A resurfaced tweet from Rep. Ilhan Omar saw the Minnesota Democrat claimed that during the 1993 “Black Hawk Down” mission, U.S. forces killed “thousands” of Somalis – despite numerous analysts concluding that the number was much smaller.
In the October 2017 tweet discovered by journalist John Rossomando, Omar responded to a Twitter user who pointed out that more than a dozen U.S. soldiers were killed and another 73 were wounded in the Mogadishu Battle, claiming it was the “worst terrorist attack in the history of Somalia,” according to Fox News.
Omar, a Somali refugee who was a representative of the Minnesota state at the time, refuted the tweet, insisting that American forces killed “thousands” of Somalis.
“In his selective memory, he forgets to also mention the thousands of Somalis killed by the American forces that day,” Omar tweeted.
She also included the hashtag, “NotTodaySatan.”
There is widespread dispute over the number of Somali victims in the Battle of Mogadishu. A Somali National Alliance representative estimated that during an interview in 2001, only 133 militiamen were killed while author Mark Bowden, “Black Hawk Down: A Story of Modern War,” estimated that about 500 Somalis were killed. As also noted by the Terrorism Investigative Project, the Rand Corporation reported that approximately 300 civilians were killed while others estimated almost 1,000.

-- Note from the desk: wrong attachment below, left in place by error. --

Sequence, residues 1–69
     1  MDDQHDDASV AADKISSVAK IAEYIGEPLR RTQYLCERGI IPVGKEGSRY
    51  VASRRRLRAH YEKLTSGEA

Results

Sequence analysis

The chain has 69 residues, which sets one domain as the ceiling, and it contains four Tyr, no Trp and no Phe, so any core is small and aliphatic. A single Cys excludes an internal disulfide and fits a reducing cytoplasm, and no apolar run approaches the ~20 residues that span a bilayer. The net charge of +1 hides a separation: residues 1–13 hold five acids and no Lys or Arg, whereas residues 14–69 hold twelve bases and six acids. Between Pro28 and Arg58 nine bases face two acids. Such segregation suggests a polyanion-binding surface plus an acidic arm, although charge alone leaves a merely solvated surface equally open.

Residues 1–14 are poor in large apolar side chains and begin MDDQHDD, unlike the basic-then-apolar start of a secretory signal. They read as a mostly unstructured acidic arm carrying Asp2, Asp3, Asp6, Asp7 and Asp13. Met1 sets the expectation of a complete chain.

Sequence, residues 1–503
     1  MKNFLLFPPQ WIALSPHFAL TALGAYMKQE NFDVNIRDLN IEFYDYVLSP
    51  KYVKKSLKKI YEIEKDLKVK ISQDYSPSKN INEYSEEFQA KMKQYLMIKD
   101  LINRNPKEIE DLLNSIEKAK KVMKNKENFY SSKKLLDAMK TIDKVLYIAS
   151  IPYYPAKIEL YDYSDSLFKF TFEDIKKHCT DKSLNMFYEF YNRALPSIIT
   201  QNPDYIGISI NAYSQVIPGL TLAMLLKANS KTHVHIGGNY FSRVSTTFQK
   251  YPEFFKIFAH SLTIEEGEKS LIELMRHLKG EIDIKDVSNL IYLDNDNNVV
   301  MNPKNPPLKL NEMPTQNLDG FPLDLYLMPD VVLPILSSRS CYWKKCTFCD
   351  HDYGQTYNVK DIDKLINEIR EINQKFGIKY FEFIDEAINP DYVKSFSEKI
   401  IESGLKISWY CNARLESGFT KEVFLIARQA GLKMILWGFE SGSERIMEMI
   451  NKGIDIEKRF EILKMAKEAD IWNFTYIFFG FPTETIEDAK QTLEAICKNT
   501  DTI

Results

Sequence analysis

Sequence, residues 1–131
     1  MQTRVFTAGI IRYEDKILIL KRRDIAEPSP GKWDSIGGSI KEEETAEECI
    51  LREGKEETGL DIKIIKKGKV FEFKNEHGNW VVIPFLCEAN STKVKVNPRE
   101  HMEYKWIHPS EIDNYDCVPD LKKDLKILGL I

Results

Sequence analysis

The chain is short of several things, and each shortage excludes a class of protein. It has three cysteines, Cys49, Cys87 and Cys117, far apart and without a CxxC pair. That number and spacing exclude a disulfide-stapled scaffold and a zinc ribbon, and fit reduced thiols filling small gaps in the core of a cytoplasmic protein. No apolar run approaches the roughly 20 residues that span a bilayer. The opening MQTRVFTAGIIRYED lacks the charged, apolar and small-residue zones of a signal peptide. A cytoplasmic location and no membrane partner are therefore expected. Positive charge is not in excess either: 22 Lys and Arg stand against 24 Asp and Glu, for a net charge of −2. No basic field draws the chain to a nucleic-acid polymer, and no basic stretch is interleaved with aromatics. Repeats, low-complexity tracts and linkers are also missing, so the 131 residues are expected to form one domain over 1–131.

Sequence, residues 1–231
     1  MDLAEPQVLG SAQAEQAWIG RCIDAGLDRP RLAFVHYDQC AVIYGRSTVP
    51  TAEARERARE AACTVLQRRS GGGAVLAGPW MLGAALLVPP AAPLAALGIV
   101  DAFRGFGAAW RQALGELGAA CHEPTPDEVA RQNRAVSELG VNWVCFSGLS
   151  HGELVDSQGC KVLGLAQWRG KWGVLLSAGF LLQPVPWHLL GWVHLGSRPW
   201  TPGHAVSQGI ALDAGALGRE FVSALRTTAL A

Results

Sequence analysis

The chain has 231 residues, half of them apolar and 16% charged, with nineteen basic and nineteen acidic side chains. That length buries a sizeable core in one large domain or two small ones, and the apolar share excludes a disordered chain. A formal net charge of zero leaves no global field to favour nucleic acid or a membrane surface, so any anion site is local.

“Black Hawk Down,” or the Mogadishu Battle of 1993, was a well-known brutal U.S. military operation. Special Joint Operations. During the raid, which was eventually shown in the eponymous Hollywood film, American soldiers showed tremendous courage and heroism.
But maybe Rep. Omar could be conflicted in retrospect evaluating Black Hawk Down. One is forced to wonder if Omar believes that the U.S. military is made up of war criminals, rather than upright heroes, according to Daily Wire.
This was just the freshman congresswoman’s latest controversy. Omar was condemned for various tweets considered anti-Semitic by congressional colleagues on both sides of the aisle.
More recently, she took heat for a line in a speech she gave to the Council on American-Islamic Relations (CAIR). She said, in her defense of the organization, that CAIR was founded after Sept. 11, 2001, “because they recognized that some people did something and that all of us were starting to lose access to our civil liberties.” CAIR formed in 1994.
Critics said she insulted the victims of the terrorist attacks with her line “some people did something.”